Patricia Crocker
3 years 11 months ago

“contained little detail, wasn’t realistic politically, and would likely undo the progress the state has made toward affordable health care”

Was there sufficient detail in the plan that our Legislature passed (Act 48) when they headed us in the direction of single payer? They gave no specifics about what was to be covered
and how much it would cost. They essentially said, “let’s pass this bill so we can find out later what’s in it”. Seems to me I’ve heard that story before.

David Bell
3 years 11 months ago

I assume you mean the Republican party’s promise to tell us what their tax plan is after they get elected.

If you are referring to the sad, pathetic, provable false statement that Nancy Pelosi and the Democrats passed the ACA without reading it, then it’s time to turn off the Fox News; not only was the ACA thoroughly debated before the vote, it was available online to anyone who bothered to read it.

Which I am guessing did not include you.

Patricia Crocker
3 years 11 months ago
How can anyone read 2000 plus pages of a document filled with legal jargon? I’m guessing you read the whole thing David? It has been stated by a majority of our legislators that they could not read the document before the voted for it, simply because they would have had to be certified speed readers to fit it in between the time it was released and when it was voted on? To this day, we are now finding things in this bill, that no one knew anything about (even the people who wrote the bill)and the unintended consequences that were… Read more »
Patricia Crocker
3 years 11 months ago

ACA summarized in one sentence, http://www.youtube.com/watch?v=DRGq5ZSJ3Ys

David Bell
3 years 11 months ago

I will turn your mantra around on you.

Please cite source proving that the majority of legislators did not in fact read the bill before voting on it.

Furthermore, please prove that “we” are still finding out what is in the ACA.

And use actual evidence, rather than youtube videos.

Karen McCauliffe
3 years 11 months ago
“Is Brock going to provide subsidies based on income levels to insure that everyone can afford healthcare? Will he pass laws requiring every citizen to purchase healthcare?” (Michael Stevens’ questions above) Here is from Randy Brock’s more depth analysis that I found at his website… “Ensure that the Health Insurance Exchange, established under the federal health care law, is easy to use, clear and has an abundance of choices.” So yes, Randy would have the insurance exchange go forward and as long as the federal subsidies keep coming into the state of VT. To address the question, “Will Randy Brock… Read more »
Jason Farrell
3 years 11 months ago
Check out this bullet from Mr. Brock’s “Plan” “Gradually reduce and eventually eliminate the vicious cycle of the cost shift under which government programs (Medicaid, VHAP, Dr. Dinosaur, Catamount) systematically underpay providers, who in turn shift the uncompensated costs to private insurance customers. This shift makes private insurance less affordable, creating more uninsured people, and driving more people into underfunded government health care programs. Providers would need to agree to reduce the present cost shift to private insurance by the approximate amount of the increased state payments.” This gem is hidden under the heading “PROTECT PATIENTS WITH REASONABLE RULES” on… Read more »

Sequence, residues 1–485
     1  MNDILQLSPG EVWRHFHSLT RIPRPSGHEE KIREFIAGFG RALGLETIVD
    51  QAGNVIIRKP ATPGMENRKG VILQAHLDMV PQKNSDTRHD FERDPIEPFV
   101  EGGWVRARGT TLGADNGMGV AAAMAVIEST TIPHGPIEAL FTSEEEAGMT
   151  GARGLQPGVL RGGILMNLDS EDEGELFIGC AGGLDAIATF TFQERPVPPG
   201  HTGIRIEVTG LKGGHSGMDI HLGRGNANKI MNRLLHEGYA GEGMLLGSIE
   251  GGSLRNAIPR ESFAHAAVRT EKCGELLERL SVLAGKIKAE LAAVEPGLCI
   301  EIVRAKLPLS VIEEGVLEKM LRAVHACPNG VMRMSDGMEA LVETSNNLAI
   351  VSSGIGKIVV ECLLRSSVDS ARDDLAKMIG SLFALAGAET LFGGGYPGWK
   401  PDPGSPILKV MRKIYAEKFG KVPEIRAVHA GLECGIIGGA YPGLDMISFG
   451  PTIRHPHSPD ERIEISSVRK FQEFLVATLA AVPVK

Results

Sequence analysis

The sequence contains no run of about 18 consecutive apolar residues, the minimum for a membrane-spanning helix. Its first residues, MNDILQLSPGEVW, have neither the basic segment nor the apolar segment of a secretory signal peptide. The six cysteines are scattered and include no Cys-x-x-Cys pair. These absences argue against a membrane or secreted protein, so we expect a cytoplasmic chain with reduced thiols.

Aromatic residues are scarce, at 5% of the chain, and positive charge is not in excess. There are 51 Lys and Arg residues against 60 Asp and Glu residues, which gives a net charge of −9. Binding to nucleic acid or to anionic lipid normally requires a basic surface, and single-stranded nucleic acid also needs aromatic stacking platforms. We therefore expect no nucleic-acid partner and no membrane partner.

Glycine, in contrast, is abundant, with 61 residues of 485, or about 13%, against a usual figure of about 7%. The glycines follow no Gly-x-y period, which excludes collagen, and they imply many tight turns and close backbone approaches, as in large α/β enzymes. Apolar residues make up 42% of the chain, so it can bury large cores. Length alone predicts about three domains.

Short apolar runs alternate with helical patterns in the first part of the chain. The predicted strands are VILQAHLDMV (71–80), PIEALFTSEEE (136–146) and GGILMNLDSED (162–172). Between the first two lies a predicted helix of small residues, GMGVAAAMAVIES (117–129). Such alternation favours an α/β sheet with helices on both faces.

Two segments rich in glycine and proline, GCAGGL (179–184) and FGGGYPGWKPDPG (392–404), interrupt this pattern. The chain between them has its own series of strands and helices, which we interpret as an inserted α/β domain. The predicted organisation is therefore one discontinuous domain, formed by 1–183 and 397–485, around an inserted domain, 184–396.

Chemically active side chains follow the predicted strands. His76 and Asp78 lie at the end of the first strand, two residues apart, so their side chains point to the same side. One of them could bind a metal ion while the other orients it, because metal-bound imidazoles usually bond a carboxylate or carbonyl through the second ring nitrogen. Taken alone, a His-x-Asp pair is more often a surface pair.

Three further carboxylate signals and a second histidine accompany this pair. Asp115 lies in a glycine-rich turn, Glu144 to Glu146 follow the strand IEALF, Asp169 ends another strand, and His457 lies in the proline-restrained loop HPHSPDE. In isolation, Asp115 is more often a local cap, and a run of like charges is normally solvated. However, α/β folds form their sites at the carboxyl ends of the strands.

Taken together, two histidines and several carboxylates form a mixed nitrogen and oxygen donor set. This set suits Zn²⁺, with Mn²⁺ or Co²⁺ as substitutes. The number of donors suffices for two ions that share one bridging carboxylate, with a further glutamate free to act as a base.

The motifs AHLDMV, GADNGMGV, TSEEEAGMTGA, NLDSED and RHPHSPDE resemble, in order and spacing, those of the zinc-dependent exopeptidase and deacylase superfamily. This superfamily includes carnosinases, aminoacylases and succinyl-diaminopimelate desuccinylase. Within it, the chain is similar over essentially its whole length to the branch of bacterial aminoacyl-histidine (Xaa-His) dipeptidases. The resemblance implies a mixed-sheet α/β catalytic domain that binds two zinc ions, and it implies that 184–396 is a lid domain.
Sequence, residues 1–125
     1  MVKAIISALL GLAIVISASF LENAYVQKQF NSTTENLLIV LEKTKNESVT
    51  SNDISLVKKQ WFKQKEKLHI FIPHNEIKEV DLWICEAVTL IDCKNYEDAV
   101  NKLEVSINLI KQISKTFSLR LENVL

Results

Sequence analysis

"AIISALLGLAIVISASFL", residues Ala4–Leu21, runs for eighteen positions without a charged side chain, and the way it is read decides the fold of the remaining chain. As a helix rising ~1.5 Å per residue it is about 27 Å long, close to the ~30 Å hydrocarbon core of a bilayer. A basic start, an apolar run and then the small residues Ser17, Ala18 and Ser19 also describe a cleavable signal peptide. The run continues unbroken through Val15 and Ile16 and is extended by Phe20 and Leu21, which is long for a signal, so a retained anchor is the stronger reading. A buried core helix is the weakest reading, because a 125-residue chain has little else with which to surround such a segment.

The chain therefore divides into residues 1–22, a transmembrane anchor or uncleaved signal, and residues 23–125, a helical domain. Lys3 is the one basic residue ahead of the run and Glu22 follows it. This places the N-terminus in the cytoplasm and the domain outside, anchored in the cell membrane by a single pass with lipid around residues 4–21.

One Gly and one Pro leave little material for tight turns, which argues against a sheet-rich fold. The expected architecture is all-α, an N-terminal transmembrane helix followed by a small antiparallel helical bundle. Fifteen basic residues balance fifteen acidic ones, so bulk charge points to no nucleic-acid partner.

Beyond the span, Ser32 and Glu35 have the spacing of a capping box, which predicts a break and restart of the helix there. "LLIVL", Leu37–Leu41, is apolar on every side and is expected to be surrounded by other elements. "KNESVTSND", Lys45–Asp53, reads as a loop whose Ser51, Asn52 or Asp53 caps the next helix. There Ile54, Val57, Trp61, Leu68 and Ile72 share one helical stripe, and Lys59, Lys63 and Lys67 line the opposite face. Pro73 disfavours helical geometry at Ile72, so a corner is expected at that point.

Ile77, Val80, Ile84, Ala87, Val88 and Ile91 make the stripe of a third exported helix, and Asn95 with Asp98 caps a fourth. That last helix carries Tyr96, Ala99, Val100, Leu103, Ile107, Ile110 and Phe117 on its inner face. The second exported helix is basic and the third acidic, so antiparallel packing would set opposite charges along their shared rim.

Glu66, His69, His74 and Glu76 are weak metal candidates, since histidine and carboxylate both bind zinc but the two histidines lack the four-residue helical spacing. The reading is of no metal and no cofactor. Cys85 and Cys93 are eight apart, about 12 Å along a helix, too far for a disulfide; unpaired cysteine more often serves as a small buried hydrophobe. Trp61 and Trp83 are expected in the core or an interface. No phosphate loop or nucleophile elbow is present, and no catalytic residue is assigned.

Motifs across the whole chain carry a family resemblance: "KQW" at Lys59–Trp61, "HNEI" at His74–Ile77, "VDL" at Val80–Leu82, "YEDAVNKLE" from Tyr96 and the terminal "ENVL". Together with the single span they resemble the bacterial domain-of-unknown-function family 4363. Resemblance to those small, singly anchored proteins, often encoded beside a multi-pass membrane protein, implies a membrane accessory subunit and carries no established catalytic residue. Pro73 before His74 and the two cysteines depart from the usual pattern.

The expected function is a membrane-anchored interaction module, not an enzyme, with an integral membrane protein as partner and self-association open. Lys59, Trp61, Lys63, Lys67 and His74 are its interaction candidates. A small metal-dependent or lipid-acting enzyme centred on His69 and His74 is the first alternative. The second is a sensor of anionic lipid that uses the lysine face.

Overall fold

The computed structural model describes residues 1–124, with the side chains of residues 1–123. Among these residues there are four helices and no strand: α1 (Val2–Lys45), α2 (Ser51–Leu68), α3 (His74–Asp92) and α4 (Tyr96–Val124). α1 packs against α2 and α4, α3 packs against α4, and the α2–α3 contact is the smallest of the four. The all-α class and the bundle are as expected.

Dave Bellini
3 years 11 months ago
I hope whatever the future is, that it provides Vermonters who need medical care to receive it and without going broke. I’m less certain an all government system is the best solution at a state level. It could be a system that meets the needs of all Vermonters, but will it? What guarantee is there, that promises made today will be kept? What happens if Vermonters elects another conservative Governor? Do people really trust that a new health plan model would be left alone? I can tell you from 34 years experience in state government that state programs are political… Read more »
Paula Schramm
3 years 11 months ago
“the power of individual consumers and the free market can drive the transformational change needed, just as they have done in every other aspect of the American economy.” This quotation from Randy Brock just stopped me in my tracks. The 2007 economic disaster, caused in considerable part by the Wall Street titans of our “free market” system, is still so heavy on my mind – because the middle class has as a result lost 40% of its net worth ! That just might not be the best model to “drive the transformational change needed” for universal health care, since it… Read more »
3 years 11 months ago
This remark by Walter Carpenter caught my eye: “Taiwan is a public-private type system. Its problems stem from a reluctance of the politics [sic] to increase the low rate of spending on health care that they enjoy for fear of igniting a revolution:)” Yes! There is nowadays no practical limit on the amount and expense of health care that the public can consume. Under single payer (Green Mountain Care), the Vermont public will be given as much health care as the GMC Board can persuade the legislature to pay for with ever increasing taxes. In fact, the single payer advocates… Read more »
3 years 11 months ago
I was struck by this line from Walter Carpenter: “Taiwan is a public-private type system. Its problems stem from a reluctance of the politics [sic] to increase the low rate of spending on health care that they enjoy for fear of igniting a revolution:)” Yes! Nowadays there is no practical limit on how much health care services a public wants. There is a very practical limit on how much legislatures will vote in increased taxes to support a single payer system. That’s why the UK, Taiwan and Quebec health systems are chronically “underfunded”, producing the usual results of demoralized providers,… Read more »
David Bell
3 years 11 months ago

Yes, the crash was all about dastardly regulators forcing the poor, innocent banksters to give loans to deadbeat minorities.

The free market simply can do no wring.

HA!